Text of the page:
I really do love Paul Dano.
Since I first saw him in Little Miss Sunshine and Ruby Sparks, he has been consistently in some of my favorite and highest rated movies. He doesn’t seem to phone it in, he gives it his all, and I love him every time. And sorry, I didn’t notice him earlier with There Will Be Blood, as I was too distracted by Daniel Day-Lewis.
This film, Wildlife, however does not star Dano. Instead, it was directed by Dano, his first feature film, and also partially written by him. He had help in that it was based on a book, and the screenplay was also written by his Ruby Sparks costar, Zoe Kazan.
An actor’s first directorial film can have a big impact on the future of their career. Who knows, maybe they direct better than they act. Maybe their direction sucks and they will just go back to acting only. There can be a lot writing on the line for him, and he is still in his early 30’s at the time of doing this film. Good luck Dano, and whatever happens, please don’t stop acting.
Shit, we’re missing one of the stars in this picture. We have an actor loose on the set!
Joe Brinson (Ed Oxenbould) is just a boy, living with his parents, trying to get his world view on. Set in 1960, we don’t even have that JFK inspiring moon speech yet, just a lot of deaths in Vietnam and economic booms. Booms for everyone but the Brinsons, that is. The dad (Jake Gyllenhaal) has been moving his family around for awhile now, due to changing jobs. And when he gets fired, he doesn’t want to take his old job back again, because of pride or some silly nonsense. This does not please the mom (Carey Mulligan), who wants to make sure their family is safe and content enough to get what they need, even if they are not rich.
So what does the dad do? Well, there are some wildfires out there in Montana, so he takes a job to help put them out. Hours away from his home and family, in a dangerous position, for less money. And then he is gone.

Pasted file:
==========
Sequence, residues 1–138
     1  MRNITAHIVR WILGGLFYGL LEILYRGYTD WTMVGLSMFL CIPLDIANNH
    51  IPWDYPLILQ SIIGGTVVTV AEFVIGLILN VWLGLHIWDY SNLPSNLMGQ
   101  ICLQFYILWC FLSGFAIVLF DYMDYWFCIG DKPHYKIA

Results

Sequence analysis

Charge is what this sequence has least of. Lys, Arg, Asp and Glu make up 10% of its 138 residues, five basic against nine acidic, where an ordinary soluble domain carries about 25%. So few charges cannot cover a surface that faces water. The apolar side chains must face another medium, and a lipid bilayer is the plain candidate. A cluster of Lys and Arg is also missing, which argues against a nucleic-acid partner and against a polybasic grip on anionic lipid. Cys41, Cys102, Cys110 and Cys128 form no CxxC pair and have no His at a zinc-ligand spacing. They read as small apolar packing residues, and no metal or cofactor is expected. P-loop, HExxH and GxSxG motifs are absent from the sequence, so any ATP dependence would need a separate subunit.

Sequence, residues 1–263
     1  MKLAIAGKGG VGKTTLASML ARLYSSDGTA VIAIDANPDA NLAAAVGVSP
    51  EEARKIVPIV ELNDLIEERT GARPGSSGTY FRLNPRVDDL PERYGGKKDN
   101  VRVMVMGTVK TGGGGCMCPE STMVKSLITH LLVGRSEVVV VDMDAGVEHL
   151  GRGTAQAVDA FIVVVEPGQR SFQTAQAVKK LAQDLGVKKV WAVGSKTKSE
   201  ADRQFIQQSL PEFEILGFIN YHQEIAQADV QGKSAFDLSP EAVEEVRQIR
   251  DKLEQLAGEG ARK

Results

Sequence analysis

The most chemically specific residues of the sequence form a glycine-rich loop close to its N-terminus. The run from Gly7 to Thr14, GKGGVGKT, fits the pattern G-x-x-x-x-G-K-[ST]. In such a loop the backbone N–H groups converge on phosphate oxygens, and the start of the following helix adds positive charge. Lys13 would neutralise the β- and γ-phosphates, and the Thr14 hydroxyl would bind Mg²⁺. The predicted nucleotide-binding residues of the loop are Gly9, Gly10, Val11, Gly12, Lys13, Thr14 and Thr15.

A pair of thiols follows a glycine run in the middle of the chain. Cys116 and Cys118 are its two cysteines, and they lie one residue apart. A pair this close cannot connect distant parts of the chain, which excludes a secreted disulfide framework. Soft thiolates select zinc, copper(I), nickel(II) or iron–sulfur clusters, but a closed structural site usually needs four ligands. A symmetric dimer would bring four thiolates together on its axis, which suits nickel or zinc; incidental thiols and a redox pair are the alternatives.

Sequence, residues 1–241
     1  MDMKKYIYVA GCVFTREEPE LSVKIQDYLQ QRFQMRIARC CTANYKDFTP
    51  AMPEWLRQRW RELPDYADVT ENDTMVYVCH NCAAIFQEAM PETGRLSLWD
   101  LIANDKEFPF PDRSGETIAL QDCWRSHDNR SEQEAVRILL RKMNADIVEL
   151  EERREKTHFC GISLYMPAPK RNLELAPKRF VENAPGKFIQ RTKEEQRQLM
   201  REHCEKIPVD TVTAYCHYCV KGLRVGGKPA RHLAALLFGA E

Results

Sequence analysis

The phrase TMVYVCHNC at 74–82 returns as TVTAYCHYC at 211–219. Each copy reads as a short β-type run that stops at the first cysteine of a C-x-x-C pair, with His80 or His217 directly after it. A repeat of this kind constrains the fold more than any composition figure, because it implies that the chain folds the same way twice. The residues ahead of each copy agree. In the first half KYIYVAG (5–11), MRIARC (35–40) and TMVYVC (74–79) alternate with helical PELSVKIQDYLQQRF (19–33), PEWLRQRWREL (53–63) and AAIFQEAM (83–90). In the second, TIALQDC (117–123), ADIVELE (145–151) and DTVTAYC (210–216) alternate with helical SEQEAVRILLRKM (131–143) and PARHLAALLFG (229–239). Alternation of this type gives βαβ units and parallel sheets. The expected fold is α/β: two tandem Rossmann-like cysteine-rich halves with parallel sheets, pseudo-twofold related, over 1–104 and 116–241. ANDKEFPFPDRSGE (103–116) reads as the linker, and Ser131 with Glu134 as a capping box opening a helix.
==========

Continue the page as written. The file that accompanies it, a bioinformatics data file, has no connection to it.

So now Joe has to live with his mom who is slowly unraveling over these series of events, feeling a lack of love and like she has no say in the world. Joe doesn’t want his parents to fight, but it seems that he is just a passive beast in his own life. Can there be reconciliation? Well, Bill Camp plays a richer older man, so let that answer part of the question for you.
Ah yes, look at all that family bonding.
For those who are easily distracted, Wildlife may be a harder film to get through, especially the first half. It is a drama by nature and by execution. We have a small cast, a majority of this film is just Oxenbould and Mulligan. Doing what? Well, existing.
I will say it picked up in the second half a lot, when Gyllenhaal’s character did leave. Not a slight against him or anything, because he did act quite well like his usual self, they just didn’t have a lot of the more intense scenes until after it occurred.
In terms of acting, the only reason Gyllenhaal won’t be talked about much is due to the limited nature of his character. Mulligan is a force in this film though, carrying so much on her face and in her sarcasm. She is the main reason people will be talking about this film in the future, and surely will be nominated.
Oxenbould was okay, but felt like a passive vessel for most of the film. The viewer was Oxenbould, powerless to effect what was unfolding on the screen.
Overall, I might forget about Wildlife within a year or so, but it is a smaller film that is full of acting talent and is a great stepping stone for Dano’s career.
3 out of 4.